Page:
Ask anyone, of any age, to name the first album she or he purchased, and you can bet that the disc mentioned will be cool: a brilliant recording that's truly stood the test of time. And do you know why?
Because people lie.
Okay, maybe some of them are telling the truth; they might have had older siblings who were able to steer them in interesting directions (I was the first-born), or they simply stumbled upon a future benchmark by sheer coincidence (no such luck in my case). But I find it difficult -- no, impossible -- to believe that every single music buyer on the planet aside from me started on a remarkably beautiful note. Otherwise, it makes no sense that the first recording I paid for all by myself, shortly after my eleventh birthday, was 1972's Chicago V.
Over the years, I've explained away this personal catastrophe in a variety of ways, most of them centering on my hometown of Grand Junction, whose sole pop-music station of the era would play Top 40 hits only if they were performed by Caucasians. I also point out that the second album I purchased was Stevie Wonder's Fulfillingness' First Finale, a great platter that somehow avoided being blacklisted, and my first cassette was the soundtrack to Superfly, which remains super-cool even today. But not until Rhino began reissuing Chicago's back catalogue did another possibility occur to me: What if, I wondered, Chicago V is actually terrific? An overlooked classic, perhaps. If so, that would make it even cooler than all those obvious classics everyone else boasts about, right?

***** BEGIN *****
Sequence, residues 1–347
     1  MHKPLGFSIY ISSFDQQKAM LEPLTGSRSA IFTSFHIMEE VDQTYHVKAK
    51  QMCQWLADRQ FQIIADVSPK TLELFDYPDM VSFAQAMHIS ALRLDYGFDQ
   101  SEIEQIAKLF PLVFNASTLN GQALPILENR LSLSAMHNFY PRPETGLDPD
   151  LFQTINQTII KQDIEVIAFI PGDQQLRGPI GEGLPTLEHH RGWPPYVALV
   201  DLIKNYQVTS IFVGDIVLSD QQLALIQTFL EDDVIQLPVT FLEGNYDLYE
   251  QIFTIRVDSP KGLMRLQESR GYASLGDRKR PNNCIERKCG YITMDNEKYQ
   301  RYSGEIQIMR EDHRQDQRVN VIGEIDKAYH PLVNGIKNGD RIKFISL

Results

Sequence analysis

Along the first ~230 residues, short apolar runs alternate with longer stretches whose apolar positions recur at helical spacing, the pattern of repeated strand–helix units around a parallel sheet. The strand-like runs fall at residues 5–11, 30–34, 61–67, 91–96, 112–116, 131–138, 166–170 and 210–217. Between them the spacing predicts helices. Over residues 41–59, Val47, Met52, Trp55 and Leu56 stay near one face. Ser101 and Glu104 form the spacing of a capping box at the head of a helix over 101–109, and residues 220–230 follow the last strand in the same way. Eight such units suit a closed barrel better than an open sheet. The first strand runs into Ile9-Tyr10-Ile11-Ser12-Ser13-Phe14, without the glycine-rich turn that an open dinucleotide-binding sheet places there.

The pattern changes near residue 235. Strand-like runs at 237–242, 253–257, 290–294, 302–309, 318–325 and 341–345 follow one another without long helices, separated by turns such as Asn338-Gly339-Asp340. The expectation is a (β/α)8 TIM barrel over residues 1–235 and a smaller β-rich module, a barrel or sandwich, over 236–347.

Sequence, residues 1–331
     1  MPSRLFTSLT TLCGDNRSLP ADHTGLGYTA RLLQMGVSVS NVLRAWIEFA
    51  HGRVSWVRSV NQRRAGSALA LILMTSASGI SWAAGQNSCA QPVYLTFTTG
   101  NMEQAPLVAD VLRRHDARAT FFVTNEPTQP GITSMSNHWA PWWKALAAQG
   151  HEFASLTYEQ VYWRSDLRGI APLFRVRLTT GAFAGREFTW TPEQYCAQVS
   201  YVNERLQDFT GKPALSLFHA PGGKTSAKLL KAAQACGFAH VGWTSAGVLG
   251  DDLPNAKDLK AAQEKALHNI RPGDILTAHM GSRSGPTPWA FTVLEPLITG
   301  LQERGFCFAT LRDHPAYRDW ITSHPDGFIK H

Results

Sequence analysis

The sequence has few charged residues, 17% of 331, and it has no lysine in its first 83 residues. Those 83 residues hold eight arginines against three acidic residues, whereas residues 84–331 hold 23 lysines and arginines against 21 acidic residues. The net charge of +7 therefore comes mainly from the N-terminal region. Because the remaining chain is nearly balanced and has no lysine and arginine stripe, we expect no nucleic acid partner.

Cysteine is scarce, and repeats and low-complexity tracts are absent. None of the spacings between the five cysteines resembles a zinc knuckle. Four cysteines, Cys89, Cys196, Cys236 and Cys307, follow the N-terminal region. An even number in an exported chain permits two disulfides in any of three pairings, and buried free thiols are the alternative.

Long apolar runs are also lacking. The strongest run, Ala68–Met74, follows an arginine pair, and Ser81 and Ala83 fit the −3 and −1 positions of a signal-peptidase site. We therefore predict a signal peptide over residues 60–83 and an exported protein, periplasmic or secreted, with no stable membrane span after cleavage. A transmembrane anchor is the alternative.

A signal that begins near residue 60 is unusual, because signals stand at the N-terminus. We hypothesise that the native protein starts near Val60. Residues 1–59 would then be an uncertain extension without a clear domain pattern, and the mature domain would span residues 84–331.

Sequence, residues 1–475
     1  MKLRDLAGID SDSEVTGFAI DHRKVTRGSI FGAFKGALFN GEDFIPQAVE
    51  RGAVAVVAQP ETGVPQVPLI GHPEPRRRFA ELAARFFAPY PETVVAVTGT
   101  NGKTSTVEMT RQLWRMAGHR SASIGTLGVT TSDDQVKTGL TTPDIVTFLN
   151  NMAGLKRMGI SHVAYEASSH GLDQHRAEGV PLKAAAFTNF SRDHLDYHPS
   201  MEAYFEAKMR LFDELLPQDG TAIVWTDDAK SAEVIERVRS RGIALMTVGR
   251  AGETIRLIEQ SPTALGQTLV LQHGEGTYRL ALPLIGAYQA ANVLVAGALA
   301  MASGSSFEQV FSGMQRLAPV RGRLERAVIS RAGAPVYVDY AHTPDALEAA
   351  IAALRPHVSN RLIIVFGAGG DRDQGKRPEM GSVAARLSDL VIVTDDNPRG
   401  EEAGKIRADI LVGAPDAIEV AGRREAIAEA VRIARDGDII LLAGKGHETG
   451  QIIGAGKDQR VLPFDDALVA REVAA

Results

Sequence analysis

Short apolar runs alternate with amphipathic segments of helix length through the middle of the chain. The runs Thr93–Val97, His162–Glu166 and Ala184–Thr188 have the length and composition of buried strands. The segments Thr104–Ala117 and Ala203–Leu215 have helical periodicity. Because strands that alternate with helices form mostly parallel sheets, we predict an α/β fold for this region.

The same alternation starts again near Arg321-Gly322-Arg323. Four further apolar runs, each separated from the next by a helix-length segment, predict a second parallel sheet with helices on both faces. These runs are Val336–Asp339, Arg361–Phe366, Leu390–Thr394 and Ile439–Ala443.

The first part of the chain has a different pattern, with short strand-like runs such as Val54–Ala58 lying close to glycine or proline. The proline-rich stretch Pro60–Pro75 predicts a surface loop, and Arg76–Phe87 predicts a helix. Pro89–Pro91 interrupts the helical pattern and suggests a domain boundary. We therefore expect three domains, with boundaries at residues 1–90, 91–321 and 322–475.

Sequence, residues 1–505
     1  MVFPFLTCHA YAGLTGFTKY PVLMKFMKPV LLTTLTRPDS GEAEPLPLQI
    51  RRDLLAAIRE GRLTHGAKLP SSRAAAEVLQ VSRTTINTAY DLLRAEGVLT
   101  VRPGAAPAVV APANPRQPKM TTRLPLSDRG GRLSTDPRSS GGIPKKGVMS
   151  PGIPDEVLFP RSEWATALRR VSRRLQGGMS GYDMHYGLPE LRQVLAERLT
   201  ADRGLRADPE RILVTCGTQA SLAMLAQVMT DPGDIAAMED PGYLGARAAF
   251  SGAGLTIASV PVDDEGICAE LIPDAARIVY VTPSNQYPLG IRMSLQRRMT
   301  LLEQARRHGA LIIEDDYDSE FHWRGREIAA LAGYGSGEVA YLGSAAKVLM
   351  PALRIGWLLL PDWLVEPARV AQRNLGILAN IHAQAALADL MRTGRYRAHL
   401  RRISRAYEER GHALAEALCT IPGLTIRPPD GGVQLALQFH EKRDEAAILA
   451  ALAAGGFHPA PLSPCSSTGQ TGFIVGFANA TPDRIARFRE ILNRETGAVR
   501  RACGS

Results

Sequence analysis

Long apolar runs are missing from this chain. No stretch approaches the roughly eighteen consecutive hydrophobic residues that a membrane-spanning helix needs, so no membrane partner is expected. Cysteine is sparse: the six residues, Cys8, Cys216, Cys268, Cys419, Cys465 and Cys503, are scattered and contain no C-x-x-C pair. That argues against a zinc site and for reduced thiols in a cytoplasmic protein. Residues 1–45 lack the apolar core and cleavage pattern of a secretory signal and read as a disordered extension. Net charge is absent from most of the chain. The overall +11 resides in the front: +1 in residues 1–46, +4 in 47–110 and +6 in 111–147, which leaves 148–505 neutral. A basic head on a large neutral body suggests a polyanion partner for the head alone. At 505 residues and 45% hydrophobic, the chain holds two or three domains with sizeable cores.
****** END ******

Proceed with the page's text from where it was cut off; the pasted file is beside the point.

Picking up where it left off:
No such luck -- although my first listen to the album in about three decades did contain some surprises. I remembered that "Saturday in the Park," the album's irritatingly catchy hit, included some really dopey, hippie-era lines such as, "Will you help him change the world?/Can you dig it? (Yes, I can!)" But I had completely forgotten that the other tunes were packed even more tightly with revolution-speak -- and none of it has aged well. "While the City Sleeps" laments that "Men are scheming/New ways to kill us/And tell us dirty lies"; likewise, "State of the Union" features a voice "in the darkness" crying "Tear the system down! Tear it down!" to the sound of sludgy jazz rock that wasn't even radical when it was new. Worst of all is the two-part "Dialogue," in which Peter Cetera and Terry Kath engage in the most banal political debate since the development of human speech. (Terry: "Does it make you angry the way the war is dragging on?" Peter: "Well, I hope the president knows what he's into.") Afterward, the band chimes in with an allegedly rousing call to arms: "We can make it better! We can make it happen!"
For Christ's sake. Where's a nightstick when you need one?
When the disc -- which sports three bonus tracks that weren't bonuses to me -- finally came to a merciful conclusion, I understood the bitter truth: Chicago V blows even harder than I feared. But at least I don't feel the need to lie about it. Can you say the same?
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